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Teaching Brings Rich Rewards

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By Bonnie Darves

Jim Rett has traveled the open seas in a sailboat and backpacked his way through the South Pacific. He has made the big bucks and worked on $100 million projects. These days, he finds his excitement, challenge — and true calling, it appears — in a Portland Community College classroom.

An instructor in mechanical and civil engineering, Rett has put his own spin on the now oft-heard career philosophy "do what you love and the money will follow." Rett’s approach is more like "do what you love, even if the money will not follow."

"I’ve never worked this hard for less money and had this much fun," says Rett, a former industrial marketing manager for Pacific Power and Light who discovered his new career three years ago. Ironically, and in contrast to most people, he has set a rather unusual goal: He hopes to make half in the year 2000 teaching than what he made in 1993.

Before joining the PCC faculty, Rett had climbed the corporate ladder for two decades, only to find that the upper rungs didn’t afford a better view of the world. "It got to the point for me that it didn’t mean anything. I made lots of money, but my work wasn’t all that gratifying."

In pursuing teaching, Rett wittingly swapped money for career satisfaction. He has never regretted the move. Today, he finds joy in watching his students master the subject material, a process epitomized by what he calls "the aha moment."

"That’s the creme de la creme . . . when they break through," says Rett.

Despite the good fit, Rett says he has found that teaching is not for the faint of heart. "It’s like grabbing onto a power cord," he quips.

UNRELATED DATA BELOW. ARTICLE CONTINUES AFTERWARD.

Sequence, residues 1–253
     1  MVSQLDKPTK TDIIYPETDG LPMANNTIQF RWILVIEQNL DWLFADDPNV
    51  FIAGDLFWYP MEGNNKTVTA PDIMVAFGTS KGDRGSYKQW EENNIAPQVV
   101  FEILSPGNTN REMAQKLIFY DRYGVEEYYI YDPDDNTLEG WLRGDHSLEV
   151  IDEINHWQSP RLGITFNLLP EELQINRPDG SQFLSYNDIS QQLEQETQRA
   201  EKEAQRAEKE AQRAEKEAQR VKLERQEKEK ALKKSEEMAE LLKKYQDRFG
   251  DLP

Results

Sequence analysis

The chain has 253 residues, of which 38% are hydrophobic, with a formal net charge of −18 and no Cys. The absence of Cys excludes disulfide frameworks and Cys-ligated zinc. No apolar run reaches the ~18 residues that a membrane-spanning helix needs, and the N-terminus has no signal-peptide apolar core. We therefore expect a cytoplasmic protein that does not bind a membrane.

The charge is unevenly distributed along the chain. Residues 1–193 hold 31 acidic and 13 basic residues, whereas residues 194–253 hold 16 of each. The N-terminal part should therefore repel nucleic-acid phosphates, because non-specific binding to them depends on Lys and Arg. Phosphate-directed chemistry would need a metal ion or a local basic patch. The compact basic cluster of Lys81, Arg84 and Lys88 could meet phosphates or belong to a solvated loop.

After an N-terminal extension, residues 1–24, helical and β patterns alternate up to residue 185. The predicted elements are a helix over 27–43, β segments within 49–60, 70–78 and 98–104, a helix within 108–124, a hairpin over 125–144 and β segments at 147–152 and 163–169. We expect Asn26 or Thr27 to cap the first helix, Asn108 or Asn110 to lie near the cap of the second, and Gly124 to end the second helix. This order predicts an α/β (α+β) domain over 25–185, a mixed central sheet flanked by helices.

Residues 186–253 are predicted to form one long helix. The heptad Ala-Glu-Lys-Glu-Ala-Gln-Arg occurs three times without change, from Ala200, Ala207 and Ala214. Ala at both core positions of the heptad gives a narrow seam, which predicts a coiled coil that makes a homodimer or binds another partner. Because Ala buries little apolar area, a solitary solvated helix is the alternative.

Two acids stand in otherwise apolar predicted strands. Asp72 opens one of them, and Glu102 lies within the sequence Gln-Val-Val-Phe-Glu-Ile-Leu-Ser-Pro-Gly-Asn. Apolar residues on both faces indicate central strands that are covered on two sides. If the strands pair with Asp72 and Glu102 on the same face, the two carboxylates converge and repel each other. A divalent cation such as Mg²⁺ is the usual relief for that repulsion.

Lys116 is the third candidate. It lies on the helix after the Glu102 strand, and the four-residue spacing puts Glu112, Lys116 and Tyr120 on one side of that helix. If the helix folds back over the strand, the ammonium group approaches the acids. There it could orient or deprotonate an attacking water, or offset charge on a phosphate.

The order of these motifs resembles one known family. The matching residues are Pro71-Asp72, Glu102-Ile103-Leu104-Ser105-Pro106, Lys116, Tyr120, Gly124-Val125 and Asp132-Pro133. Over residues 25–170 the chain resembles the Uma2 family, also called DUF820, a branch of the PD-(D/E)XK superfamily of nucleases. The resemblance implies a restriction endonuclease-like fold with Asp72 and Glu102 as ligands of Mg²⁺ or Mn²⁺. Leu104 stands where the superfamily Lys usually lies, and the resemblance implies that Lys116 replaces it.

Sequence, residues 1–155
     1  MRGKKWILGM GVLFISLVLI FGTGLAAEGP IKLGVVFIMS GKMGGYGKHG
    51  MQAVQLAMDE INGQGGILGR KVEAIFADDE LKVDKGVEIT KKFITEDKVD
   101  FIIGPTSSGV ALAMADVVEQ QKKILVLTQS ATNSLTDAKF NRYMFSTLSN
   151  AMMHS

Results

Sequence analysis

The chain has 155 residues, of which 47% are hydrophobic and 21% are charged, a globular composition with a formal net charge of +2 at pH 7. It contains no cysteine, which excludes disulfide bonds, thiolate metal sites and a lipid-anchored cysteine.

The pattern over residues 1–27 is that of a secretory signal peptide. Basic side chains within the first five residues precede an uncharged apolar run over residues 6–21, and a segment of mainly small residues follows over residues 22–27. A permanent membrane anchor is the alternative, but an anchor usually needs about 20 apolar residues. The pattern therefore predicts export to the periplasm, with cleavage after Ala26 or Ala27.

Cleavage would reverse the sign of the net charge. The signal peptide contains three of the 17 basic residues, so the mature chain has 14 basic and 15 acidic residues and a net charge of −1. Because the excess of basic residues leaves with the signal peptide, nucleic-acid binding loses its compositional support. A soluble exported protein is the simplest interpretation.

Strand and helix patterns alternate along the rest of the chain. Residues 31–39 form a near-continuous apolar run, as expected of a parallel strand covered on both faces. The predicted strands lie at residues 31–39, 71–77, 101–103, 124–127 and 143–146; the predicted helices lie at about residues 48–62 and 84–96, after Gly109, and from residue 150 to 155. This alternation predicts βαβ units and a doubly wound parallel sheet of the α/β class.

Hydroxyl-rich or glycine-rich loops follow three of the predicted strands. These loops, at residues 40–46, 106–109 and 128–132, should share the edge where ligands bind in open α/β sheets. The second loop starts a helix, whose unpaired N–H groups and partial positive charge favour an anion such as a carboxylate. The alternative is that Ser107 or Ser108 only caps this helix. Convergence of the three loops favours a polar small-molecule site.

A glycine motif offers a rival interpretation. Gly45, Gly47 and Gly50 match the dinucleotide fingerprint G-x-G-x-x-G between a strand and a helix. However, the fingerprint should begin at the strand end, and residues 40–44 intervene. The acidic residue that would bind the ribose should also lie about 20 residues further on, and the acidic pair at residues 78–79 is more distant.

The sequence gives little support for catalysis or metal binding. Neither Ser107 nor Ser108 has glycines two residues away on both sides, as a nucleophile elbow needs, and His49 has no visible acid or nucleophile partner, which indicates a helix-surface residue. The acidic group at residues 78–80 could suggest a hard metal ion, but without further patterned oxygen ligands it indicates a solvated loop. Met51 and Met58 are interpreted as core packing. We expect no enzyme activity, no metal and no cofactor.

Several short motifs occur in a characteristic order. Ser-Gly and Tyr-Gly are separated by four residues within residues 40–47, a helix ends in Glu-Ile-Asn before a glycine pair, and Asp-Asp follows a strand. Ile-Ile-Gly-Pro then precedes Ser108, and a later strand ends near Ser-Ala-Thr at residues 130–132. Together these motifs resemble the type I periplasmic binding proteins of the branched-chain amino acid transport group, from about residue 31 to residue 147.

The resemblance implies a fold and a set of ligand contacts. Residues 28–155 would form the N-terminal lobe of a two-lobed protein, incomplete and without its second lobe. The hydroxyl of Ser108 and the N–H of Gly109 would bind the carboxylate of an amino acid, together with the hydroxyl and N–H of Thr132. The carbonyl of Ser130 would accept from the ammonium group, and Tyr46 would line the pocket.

He chose the community college setting over a four-year institution for three reasons: He wanted to teach, not do research, and he preferred the smaller classes and broader mix of students. Since making the career switch, he has jumped in with both feet, becoming actively involved in committee work and curriculum development. And of his own initiative, he has undertaken a challenge to address an issue near and dear to his heart — bridging the gulf between industry and academia so that each sector can better serve the other.

Rett’s industry liaison project is still in its formative stage, but he expects to work with companies such as Intel, IDC, RandW Engineering and others that have expressed enthusiasm for his concepts for tailoring curriculum to industry needs. Through the connections he has made, Rett has already been successful in helping students obtain jobs.

"The previous notion is that industry doesn’t care (about academia). That’s not true. They just don’t know how to be involved. Academia needs to work more in concert with industry."

On some levels, Rett sees the project as a potential means of approximating one of his own earlier life experiences — an apprenticeship with an Ohio company that effectively launched his engineering career. Never a star student in high school (Rett laughingly notes that he graduated in the "top 95 percent" of his class), Rett admits he was a "rebel without a cause" until industry gave him a chance. Although he later went on to get an engineering degree, Rett says, "If it hadn’t been for that apprenticeship program, I wouldn’t have had a career."

Rett believes his longtime industry experience, and now his teaching, gives him an ideal perspective on issues facing both business and academia. He also maintains that a bit of "wearing the other shoe" wouldn’t hurt his former colleagues. "I believe everyone in industry should come and experience this — physically and mentally."


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